In 1971 the Reform movement had 33 percent of American Jews claiming affiliation, and in 1990 it was up to 42 percent. In 2000-01, it was 35 percent.
A recent study of New York Jews showed that 26 percent identified as Conservative, down from 34 percent a decade earlier. But the Reform movement also became smaller in New York, in 2002 claiming 29 percent of Jews compared with 36 percent a decade before.
What grew in New York were the populations of Jews identifying as Orthodox, as “just Jewish” or as secular.
“We have a challenge in front of us, and I don’t deny the challenge,” Rabbi Epstein said of the fact that the Reform movement has inherited the position of being American Jewry’s “default” identification, long a Conservative movement role.
“There’s a likelihood that we will be a smaller movement for a period of time. If we’re going to be serious about our mission and vision, there may be people who have joined us for other reasons and are now more comfortable in Reform congregations.
“But we fulfill a very important need in the Jewish world,” he said, bridging tradition and modernity.
Wertheimer said that “on a positive note, this prognostication may serve as a goad to the Conservative leadership, which needs to address the challenges inherent in all of this.”
One national Reform leader, who spoke with The Jewish Week on the condition that he not be identified, said he spoke with other Reform leaders who “privately expressed concern that these sentiments were articulated in such a public way.”
“Any suggestion that the Conservative movement is going to disappear from the Jewish scene is mistaken,” he said. “And even if we believe it, what in heaven’s name is to be gained by a statement that can only alienate people with whom we want to work?”
One Reform leader was willing to speak on the record about the statement.
Rabbi Eric Yoffie, president of the Union for Reform Judaism, said his movement “wants a strong Conservative movement because there’s more that we share with them than what divides us. The American Jewish community is stronger by virtue of having a vibrant Conservative movement with congregations who will cooperate with us on a whole range of issues.”
And the denominations influence each other, he said.
“On some issues we have followed their lead, and I suspect on others they have followed ours,” said Rabbi Yoffie. “As we have moved towards more ritual, for example, Conservative congregations in some instances have been a factor, just as Conservative Jews joining Reform temples bring certain concerns in terms of ritual, and we listen to those concerns.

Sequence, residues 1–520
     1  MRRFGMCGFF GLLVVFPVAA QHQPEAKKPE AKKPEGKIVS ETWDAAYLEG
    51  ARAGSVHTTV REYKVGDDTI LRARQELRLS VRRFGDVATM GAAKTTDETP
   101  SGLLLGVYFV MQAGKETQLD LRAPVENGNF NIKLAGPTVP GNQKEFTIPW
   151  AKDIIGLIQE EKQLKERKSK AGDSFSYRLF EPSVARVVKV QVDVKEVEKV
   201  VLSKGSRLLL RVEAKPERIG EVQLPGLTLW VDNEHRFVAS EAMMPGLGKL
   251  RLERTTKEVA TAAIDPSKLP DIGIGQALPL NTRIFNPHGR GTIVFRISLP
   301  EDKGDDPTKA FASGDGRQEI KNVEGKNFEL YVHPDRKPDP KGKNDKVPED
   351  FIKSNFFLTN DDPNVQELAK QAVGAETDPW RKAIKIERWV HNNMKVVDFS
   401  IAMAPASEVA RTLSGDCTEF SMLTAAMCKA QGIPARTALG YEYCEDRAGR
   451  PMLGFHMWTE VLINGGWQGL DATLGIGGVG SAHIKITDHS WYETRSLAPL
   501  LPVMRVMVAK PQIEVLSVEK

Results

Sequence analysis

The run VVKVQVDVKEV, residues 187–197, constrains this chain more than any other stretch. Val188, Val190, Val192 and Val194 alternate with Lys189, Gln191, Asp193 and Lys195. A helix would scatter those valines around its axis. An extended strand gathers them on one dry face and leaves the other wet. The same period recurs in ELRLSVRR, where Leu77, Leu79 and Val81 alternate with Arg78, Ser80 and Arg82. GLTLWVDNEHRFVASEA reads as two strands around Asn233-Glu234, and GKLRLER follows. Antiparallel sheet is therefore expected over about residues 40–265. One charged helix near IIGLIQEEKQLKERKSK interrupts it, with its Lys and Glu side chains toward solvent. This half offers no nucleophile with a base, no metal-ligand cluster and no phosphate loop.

“With our emphasis on vigorous outreach, they’ve been influenced by us and are stronger as a result as well,” he said.
Rabbi Menitoff’s peer in the Conservative movement, Rabbi Joel Meyers, head of the 1,550-member Rabbinical Assembly, said he is “offended that my counterpart would have a view I find to be at rock bottom immature.”
“As a Conservative Jew I find it rather insulting to think that because there are individuals who may be more liberal or more observant, that it somehow means difficulty for the movement,” he said. “That’s normative for our movement. What I expected from Rabbi Menitoff is a greater appreciation of what it means to be a centrist movement.”
“The center is easy picking precisely because it represents a broad constituency and an ideology itself that is a broad base. I’m sorry that he fell into that trap.”
Rabbi Epstein said there is a clear need for Conservative Judaism that will far outlast any of Rabbi Menitoff’s predictions.
“The Reform congregation basically accepts people where they are and tries to make them comfortable with that,” said Rabbi Epstein. “The Orthodox congregation basically has people who are already committed.
“It’s the Conservative congregation that bridges the two because it accepts people where they are, with the goal to help guide them along the path to greater commitment. That’s the unique position of the Conservative congregation that neither the Reform nor the Orthodox can meet.”